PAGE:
by Carole Cloudwalker
Recently I became aware of a taxidermy technique that’s mind-boggling to me, though I admit it does not take too much to boggle this mind.
I was visiting a neighbor who had some trophy game heads on the wall.
“Wow,” I said of a particularly nice elk. “He was a big one, wasn’t he? Just look at those antlers.” I assumed my Wapiti friend had shot the beast and had him mounted for bragging purposes.
Then my neighbor, smiling broadly, clued me in to a little (and little-known) secret: the elk was big, yes, and the antlers were fine.
But those particular antlers did not grow on that particular elk.
“What?” I asked. “Elk can raise headgear for one another? Sort of like a woman having a surrogate baby for an infertile friend?”
“Nope,” my friend assured me. “It’s not like that. Actually, a taxidermist does this.”
Hmmm. I was stunned.
“So ... er ... taxidermists have surrogate babies? Wow - who knew?” I replied.
“Oh come on,” my friend responded, having little patience for my whimsey.
He said the process did not involve surrogate anything.
“You know jackalopes?” he said. “Do you think those jackrabbits really grow those horns?”
And of course I didn’t. I was born at night, but not ... well, you know.
“Yes, taxidermists create the jackalopes, just like they created this ‘trophy’ animal,” he said.
Then I noticed his elk had a price tag dangling from one of his (trophy-sized) points. He was for sale. To tourists.
Ah. The picture was coming clearer. Tourists are fair game for anything you can talk them into buying, aren’t they? Why else would they part with their hard-earned cash for soap that looks like dirt, jewelry fashioned from elk poo, or the mounted brown and white rump end of a deer with eyes affixed to make it look like an owl?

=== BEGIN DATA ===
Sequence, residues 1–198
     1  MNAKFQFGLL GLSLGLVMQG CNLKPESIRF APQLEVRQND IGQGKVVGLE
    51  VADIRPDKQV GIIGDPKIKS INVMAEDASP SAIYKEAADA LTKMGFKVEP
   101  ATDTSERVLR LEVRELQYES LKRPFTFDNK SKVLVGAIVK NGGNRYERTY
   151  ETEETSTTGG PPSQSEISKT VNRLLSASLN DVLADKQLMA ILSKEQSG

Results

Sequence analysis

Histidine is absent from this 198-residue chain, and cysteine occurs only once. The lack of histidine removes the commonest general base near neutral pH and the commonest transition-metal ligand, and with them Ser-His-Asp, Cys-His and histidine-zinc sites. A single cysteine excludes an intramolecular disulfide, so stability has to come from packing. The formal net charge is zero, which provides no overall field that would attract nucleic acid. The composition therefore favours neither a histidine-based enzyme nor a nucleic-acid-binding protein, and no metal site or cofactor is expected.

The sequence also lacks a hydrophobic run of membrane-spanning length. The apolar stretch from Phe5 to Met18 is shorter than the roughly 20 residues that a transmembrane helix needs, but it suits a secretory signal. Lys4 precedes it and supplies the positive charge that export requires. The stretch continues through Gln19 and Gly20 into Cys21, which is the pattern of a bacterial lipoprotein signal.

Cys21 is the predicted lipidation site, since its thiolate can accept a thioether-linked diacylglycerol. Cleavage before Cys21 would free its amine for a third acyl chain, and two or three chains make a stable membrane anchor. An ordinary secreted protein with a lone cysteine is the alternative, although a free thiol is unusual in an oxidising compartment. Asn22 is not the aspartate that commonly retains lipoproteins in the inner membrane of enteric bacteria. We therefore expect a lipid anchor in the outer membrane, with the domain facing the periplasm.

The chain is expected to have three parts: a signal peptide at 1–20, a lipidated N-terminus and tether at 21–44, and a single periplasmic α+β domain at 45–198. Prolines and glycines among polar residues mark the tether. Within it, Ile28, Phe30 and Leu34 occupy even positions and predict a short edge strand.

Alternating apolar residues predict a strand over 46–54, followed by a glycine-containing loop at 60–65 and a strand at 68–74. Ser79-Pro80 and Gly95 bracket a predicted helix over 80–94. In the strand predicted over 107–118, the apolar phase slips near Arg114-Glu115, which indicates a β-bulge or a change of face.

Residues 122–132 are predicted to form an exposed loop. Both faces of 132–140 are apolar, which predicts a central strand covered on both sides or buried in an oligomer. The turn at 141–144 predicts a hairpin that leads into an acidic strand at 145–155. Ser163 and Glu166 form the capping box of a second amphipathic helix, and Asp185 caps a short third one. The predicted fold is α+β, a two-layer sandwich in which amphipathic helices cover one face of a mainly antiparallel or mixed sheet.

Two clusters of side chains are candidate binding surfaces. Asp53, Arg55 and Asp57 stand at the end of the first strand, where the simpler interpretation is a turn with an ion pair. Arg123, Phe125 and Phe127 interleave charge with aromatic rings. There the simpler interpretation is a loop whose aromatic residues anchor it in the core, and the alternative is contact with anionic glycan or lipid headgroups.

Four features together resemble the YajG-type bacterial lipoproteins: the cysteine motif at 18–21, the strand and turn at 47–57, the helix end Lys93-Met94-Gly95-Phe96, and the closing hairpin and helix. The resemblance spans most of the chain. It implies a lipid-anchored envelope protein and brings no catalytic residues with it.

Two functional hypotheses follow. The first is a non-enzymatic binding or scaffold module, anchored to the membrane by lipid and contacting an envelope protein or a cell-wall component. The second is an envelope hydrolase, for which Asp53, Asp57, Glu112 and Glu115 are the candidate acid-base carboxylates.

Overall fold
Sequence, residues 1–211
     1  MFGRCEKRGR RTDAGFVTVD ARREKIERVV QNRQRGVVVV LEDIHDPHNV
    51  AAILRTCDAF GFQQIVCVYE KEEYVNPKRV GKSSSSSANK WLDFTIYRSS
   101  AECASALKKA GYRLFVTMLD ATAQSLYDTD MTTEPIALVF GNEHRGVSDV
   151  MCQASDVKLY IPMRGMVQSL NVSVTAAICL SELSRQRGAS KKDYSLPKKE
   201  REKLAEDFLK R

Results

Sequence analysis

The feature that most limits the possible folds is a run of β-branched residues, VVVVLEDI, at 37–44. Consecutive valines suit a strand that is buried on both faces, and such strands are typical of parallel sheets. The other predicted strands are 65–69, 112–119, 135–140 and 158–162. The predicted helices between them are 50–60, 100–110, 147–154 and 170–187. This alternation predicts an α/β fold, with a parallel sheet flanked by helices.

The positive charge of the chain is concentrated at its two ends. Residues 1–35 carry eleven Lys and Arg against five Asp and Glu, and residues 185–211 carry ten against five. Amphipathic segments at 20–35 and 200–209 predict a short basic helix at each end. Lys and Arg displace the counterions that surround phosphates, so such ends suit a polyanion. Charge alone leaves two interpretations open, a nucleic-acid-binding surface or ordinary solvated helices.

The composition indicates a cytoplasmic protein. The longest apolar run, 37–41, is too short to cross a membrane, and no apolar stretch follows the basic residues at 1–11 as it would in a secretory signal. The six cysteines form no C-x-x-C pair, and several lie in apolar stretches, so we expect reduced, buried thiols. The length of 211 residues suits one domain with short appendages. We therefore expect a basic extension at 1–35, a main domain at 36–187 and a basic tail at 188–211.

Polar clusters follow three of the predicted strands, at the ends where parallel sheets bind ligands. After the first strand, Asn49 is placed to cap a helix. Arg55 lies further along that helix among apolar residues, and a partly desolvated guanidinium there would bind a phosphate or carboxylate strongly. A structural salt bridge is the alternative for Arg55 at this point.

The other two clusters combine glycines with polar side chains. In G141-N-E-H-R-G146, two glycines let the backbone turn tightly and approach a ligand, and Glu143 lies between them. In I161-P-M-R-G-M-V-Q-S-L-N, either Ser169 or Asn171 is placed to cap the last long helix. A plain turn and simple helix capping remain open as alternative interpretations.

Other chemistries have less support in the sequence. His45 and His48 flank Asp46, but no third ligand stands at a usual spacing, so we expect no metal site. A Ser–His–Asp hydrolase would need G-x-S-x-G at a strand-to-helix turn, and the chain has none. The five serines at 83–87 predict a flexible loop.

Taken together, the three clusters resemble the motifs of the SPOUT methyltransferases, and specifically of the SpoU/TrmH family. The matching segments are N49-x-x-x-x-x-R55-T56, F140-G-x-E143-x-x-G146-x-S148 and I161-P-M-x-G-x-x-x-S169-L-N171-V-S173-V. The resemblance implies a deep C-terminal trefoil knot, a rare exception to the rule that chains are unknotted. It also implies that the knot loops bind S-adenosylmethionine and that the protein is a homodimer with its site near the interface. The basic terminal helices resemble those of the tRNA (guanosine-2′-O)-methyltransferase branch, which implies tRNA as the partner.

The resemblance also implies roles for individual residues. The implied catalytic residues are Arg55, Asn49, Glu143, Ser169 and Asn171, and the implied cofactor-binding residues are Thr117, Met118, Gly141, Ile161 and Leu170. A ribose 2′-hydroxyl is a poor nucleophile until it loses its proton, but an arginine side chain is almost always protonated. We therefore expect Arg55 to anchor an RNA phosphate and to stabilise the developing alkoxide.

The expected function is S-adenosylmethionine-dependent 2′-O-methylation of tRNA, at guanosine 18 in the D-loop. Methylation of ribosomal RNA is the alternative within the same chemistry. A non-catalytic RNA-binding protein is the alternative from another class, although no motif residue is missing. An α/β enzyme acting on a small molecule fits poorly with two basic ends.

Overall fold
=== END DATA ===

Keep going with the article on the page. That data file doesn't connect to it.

It’s almost like tourists want to be tricked. They suspend disbelief when they travel, trusting, for example, that the House of Mystery really does defy gravity and can only be built on that special spot on the planet where the laws of physics do not apply, or that the hotel they stay at really is haunted by the ghost of a murdered 1800s dance hall girl who wanders the halls nightly calling out “Wooo-woooo” as she searches for her killer.
After all, these things make such great tales to tell back home in Faded Curtain, Iowa.
Then my friend explained the whole elk thing to me.
Say a hunter has a hungry family to feed, so he goes in search of a plump elk on which they can dine.
Blooey. Goodbye “meat” elk.
But he saves the head, which is a good one, even though it has small antlers. That doesn’t mater, since the hindquarters are big and meaty.
But while he’s out hunting, he comes upon a pair of shed-off elk antlers doubtless dropped by a true trophy animal. Or he buys them, or has saved them from a previous year.
He takes his nice elk head and the trophy antlers to a taxidermist and, voila, presto chango, a “trophy” elk is created.
The hunter hangs this on his living room wall and soaks up the compliments.
The big phoney.
Though, of course, I applaud the concept, since I tend to object to killing trophy animals. And, plus, it removes from the gene pool a fine, large male animal that otherwise would go forth and multiply, fathering new generations of trophy animals.
And now he can, thanks to the taxidermist.
Silly me, I thought hunters were too pure to cheat in that way and then hang the fruits of their cheating above their fireplaces.
Originally Published in The Cody Enterprise. January 13, 2010.